The Biden-Harris administration seems to embrace the need to embed economic outcomes along with equity and climate resilience outcomes through Justice40, part of an executive order to tackle the climate crisis at home and abroad, which is part of the administration’s broader economic recovery strategy. Executive Order 14008 calls for 40 percent of the overall benefits of certain federal investments under IIJA to “flow to communities that are marginalized, underserved, and overburdened by pollution.” Justice40’s interim guidelines (PDF) show the intent to apply triple-bottom-line principles of equity, climate, and economy through a whole-of-government, do the most good approach.
Now is an opportunity to build the triple-bottom-line approach of equity, climate, and economy into guidelines that also recognize the time and resources required to plan and implement successful projects that holistically consider communities and their needs—and that don’t just continue the limited approaches of the past. There is a shared understanding that Justice40 would benefit from a strong accountability framework and that some advocates and practitioners want to see the scope of Justice40 broadened significantly. Still, Justice40 as is marks a unique opportunity to use the triple-bottom-line framework to push beyond best practices to next practices for programs at all levels of government, especially federal recovery and infrastructure funding, and realize systemic change.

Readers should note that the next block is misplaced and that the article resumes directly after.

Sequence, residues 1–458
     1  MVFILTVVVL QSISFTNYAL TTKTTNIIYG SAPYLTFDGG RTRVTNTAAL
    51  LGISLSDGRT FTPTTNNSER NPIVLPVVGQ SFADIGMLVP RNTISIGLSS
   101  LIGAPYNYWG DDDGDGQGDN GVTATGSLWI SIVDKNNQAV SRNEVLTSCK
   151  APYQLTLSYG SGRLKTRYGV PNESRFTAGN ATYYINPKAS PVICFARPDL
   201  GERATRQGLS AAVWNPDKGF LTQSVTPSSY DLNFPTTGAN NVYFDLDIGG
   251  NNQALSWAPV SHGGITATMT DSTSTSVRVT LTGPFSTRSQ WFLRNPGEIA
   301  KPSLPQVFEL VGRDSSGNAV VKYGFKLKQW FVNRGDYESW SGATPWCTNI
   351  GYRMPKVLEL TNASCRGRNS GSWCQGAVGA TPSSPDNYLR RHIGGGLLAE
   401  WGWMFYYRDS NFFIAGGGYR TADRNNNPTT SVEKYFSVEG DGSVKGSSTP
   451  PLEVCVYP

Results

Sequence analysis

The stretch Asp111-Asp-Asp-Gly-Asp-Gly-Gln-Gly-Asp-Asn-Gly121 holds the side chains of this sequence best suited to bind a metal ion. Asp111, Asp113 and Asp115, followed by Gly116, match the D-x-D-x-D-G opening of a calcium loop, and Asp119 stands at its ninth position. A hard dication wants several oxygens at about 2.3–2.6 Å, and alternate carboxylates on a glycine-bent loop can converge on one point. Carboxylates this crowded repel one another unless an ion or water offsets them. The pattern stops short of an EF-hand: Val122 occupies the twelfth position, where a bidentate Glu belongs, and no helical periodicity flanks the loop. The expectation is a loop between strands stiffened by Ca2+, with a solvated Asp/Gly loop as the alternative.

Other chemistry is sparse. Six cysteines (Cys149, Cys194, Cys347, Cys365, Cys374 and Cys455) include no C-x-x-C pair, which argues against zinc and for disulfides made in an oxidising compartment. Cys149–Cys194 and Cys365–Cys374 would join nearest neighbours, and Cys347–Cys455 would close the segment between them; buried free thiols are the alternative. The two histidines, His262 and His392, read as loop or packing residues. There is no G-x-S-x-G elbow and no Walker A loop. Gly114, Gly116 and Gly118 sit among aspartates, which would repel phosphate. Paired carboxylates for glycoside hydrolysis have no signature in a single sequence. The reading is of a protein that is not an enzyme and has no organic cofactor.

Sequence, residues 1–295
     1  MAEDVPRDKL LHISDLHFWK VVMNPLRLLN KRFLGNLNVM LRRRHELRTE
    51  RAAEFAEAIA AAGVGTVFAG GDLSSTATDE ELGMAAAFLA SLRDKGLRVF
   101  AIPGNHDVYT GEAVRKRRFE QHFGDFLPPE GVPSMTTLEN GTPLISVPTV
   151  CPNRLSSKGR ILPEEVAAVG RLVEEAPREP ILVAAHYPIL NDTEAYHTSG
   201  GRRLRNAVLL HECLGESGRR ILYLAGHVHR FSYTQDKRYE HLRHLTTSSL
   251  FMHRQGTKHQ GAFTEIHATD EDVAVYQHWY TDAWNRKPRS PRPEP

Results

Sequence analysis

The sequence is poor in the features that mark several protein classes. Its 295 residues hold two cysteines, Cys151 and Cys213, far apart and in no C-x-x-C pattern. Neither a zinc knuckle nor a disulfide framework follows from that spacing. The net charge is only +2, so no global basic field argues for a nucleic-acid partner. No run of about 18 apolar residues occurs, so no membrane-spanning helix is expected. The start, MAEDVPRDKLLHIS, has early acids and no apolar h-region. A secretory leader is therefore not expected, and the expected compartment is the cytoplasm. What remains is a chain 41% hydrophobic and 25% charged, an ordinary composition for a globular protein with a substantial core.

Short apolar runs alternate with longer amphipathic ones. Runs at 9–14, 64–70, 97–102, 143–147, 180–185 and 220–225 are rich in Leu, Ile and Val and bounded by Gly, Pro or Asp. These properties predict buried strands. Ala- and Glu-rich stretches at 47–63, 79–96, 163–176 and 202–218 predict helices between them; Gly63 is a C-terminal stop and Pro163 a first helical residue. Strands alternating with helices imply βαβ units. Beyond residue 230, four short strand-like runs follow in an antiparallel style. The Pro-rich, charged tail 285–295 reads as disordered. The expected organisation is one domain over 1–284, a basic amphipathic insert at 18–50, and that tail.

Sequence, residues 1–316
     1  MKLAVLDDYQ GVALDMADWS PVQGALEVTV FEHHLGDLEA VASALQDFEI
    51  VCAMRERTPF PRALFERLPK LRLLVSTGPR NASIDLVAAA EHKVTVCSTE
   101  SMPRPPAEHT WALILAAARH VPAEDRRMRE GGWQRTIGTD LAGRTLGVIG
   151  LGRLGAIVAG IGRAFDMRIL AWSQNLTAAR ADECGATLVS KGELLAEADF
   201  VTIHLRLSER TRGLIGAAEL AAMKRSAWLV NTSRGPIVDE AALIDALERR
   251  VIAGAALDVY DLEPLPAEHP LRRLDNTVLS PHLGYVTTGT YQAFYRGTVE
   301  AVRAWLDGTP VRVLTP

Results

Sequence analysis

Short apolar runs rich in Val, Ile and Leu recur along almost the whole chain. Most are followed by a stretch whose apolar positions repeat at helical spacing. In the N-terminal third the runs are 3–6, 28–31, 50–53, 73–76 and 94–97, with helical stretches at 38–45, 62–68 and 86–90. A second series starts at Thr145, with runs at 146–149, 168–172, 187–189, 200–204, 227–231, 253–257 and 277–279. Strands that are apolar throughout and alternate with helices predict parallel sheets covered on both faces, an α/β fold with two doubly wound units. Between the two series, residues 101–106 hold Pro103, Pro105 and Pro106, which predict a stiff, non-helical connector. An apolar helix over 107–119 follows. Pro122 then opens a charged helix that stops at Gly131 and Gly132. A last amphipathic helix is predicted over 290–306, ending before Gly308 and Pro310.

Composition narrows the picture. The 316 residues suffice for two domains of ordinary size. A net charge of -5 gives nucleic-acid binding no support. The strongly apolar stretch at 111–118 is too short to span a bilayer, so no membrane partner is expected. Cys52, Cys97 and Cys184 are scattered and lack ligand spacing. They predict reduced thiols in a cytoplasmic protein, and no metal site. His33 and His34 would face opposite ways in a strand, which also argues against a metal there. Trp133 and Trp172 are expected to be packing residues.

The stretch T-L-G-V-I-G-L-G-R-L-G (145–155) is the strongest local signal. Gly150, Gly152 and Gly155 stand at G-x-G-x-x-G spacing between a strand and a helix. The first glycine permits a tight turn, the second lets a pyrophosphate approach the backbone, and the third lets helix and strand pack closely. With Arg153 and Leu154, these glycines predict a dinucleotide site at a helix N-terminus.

The following are examples of some next practices that can help break the powerful momentum for the status quo and, instead, support systemic, triple-bottom-line outcomes:
- Include explicit goals around climate action and resilience. Climate change affects everything from the economy to public health, and according to the International Panel on Climate Change, the window of time to mitigate the worst impacts is rapidly shrinking. Mitigating further effects, such as extreme weather patterns and events, extreme temperatures, and sea level rise, require cutting greenhouse gas emissions by at least half by 2030. Achieving that goal, while adapting to these and other changes already being felt, are both necessary and possible with comprehensive and coordinated action. The US plays an outsize role in the causes of climate change, underscoring the imperative for meaningful climate action goals to be embedded in all federal programs, policies, and investments.